As a shareholder in Motley Fool Stock Advisor recommendation SBC Communications (NYSE:SBC), I have voiced my displeasure with the company's pending $16 billion acquisition of AT&T (NYSE:T). Let's look at today's surprisingly positive third-quarter earnings report from AT&T, and then let me update my merger observations.

AT&T reported that Q3 revenue declined 13% from the comparable quarter last year. Consolidated operating income margins continued their decline, down another 0.6% to 14.4%. But the company's $6.6 billion in sales was at the high end of analyst estimates. And earnings of $0.58 a share were $0.07 a share ahead of analyst estimates.

What really matters at AT&T is free cash flow -- and that figure came in at $1 billion for the quarter. The company's quarter-after-quarter bathing in cash has helped it reduce its net debt (total debt minus cash) from $7 billion a year ago to $4.9 billion today.

SBC hopes to buy a valuable brand name that is winding down its consumer and small-business operations to focus on the gigantic enterprise marketplace. AT&T is reducing costs and improving productivity to fight ongoing decreases in long-distance and data-services revenue.

Don't buy the hype.

SBC just turned in a flat quarter and is expected to grow earnings 6% a year for the next five years. AT&T, as a standalone company, was predicted to earn $2.18 per share this year and $1.35 per share next year. There is nothing to get excited about in those numbers.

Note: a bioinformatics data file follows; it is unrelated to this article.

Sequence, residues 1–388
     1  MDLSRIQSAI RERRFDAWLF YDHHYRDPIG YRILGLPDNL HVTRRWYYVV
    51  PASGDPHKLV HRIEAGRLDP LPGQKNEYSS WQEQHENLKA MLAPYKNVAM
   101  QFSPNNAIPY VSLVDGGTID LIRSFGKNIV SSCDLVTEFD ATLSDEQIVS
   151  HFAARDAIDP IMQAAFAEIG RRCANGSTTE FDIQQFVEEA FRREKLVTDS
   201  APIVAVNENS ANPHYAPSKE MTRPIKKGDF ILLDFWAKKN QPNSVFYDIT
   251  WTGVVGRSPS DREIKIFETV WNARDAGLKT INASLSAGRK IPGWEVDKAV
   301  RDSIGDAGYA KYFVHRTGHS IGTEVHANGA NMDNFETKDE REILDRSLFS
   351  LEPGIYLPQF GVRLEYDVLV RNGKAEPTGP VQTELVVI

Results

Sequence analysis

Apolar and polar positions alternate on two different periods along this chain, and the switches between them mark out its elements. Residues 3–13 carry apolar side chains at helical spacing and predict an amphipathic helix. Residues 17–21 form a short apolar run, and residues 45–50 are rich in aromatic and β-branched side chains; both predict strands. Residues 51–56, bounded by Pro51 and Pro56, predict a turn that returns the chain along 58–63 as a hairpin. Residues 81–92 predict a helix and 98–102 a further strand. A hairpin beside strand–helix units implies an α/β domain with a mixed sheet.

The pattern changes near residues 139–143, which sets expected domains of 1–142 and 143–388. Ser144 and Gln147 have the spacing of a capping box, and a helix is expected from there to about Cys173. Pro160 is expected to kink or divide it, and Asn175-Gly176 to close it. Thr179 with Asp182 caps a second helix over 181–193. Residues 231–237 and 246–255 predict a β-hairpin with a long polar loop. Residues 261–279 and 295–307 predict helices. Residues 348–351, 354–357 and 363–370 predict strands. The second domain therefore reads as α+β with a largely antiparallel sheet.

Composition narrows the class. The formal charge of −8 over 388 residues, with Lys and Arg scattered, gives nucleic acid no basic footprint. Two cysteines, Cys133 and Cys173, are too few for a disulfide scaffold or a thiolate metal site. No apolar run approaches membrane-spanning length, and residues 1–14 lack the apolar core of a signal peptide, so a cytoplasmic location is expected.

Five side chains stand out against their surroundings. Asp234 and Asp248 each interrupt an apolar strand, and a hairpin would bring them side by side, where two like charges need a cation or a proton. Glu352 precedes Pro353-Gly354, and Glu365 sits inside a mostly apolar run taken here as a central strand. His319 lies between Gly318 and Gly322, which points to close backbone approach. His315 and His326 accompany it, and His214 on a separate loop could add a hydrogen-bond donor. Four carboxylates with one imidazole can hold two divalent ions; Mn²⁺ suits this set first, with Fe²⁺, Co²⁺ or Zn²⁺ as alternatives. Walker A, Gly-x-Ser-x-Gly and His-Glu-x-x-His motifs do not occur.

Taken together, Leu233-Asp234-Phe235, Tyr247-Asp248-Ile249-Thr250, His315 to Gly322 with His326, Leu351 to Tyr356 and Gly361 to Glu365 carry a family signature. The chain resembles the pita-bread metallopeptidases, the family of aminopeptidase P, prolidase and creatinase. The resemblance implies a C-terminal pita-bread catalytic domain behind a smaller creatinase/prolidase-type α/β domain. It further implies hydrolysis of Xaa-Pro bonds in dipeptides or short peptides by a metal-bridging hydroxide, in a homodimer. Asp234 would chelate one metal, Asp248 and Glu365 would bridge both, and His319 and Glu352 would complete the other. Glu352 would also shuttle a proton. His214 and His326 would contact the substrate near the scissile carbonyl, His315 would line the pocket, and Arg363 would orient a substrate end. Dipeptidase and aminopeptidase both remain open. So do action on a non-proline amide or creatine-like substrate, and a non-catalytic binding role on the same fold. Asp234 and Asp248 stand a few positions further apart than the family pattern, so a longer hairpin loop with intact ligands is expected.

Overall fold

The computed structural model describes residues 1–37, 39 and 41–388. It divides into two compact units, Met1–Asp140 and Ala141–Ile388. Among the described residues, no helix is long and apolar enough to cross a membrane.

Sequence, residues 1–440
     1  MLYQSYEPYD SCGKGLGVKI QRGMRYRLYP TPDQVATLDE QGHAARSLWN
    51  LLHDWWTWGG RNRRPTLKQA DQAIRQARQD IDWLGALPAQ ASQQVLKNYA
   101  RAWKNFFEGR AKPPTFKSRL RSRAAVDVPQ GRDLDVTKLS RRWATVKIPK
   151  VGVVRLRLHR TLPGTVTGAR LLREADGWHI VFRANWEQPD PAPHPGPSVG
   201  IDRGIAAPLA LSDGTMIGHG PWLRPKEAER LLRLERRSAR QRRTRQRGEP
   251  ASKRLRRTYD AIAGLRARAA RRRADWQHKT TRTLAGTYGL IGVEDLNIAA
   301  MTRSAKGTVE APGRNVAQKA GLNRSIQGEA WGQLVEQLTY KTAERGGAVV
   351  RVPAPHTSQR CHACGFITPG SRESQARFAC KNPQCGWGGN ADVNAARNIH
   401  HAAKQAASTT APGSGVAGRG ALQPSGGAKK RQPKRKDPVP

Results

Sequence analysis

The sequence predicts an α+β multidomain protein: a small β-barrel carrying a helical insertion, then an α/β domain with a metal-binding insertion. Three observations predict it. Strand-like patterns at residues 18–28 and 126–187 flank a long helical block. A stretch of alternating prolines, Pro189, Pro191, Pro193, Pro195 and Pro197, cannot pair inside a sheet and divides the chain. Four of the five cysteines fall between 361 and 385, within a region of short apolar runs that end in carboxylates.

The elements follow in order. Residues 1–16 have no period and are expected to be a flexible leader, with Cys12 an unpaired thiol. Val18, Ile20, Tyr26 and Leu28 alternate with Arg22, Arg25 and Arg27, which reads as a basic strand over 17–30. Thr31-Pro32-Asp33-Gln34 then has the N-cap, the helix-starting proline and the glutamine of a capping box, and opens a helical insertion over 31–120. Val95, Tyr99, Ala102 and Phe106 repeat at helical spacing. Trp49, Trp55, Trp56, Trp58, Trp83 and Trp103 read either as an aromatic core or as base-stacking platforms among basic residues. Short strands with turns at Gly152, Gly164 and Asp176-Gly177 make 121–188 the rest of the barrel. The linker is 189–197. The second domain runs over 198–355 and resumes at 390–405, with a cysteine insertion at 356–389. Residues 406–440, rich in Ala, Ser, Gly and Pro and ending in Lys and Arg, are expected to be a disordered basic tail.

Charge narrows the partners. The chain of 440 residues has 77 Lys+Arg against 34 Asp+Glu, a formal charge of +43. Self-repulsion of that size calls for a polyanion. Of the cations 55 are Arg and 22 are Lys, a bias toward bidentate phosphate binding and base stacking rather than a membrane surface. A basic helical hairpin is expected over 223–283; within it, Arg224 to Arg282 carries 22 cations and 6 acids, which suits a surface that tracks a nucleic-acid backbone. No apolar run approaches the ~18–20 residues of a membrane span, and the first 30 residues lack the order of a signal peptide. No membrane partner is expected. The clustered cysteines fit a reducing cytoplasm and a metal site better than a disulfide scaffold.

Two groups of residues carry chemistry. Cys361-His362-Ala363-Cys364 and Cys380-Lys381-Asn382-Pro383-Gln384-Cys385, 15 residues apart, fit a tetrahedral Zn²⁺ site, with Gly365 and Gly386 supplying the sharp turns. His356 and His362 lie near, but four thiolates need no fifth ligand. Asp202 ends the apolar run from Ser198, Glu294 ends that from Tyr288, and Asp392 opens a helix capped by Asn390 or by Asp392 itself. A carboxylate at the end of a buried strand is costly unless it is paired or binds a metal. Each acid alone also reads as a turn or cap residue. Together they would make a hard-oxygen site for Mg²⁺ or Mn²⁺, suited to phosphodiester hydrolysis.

But the acquisition is going through anyway. At least there's some good news for SBC shareholders: AT&T is now saying that higher analyst revenue projections are now its target, too. AT&T is also showing traction on delivering earnings improvements -- in the form of higher operating margins. So at least it isn't coming into this marriage carrying the excess baggage of poorer-than-expected operating results.

Regardless, this combination of SBC and AT&T doesn't excite me -- even after Verizon (NYSE:VZ) found competitor MCI (NASDAQ:MCIP) tempting enough to acquire. As benefits go, there's some strength to the AT&T name within consumer and enterprise realms, and provided the strength of the brand persists, it may continue to net customers for the combined entity.

Buying a business in freefall is risky. But as I opined yesterday, SBC's ability to pay a substantial dividend and grow by 6% a year provides a conservative way to meet or beat long-term market returns. Still, as a shareholder, I wish SBC had passed on AT&T.

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Fool contributor W.D. Crotty owns shares of Verizon and SBC Communications. Click here to see The Motley Fool's disclosure policy.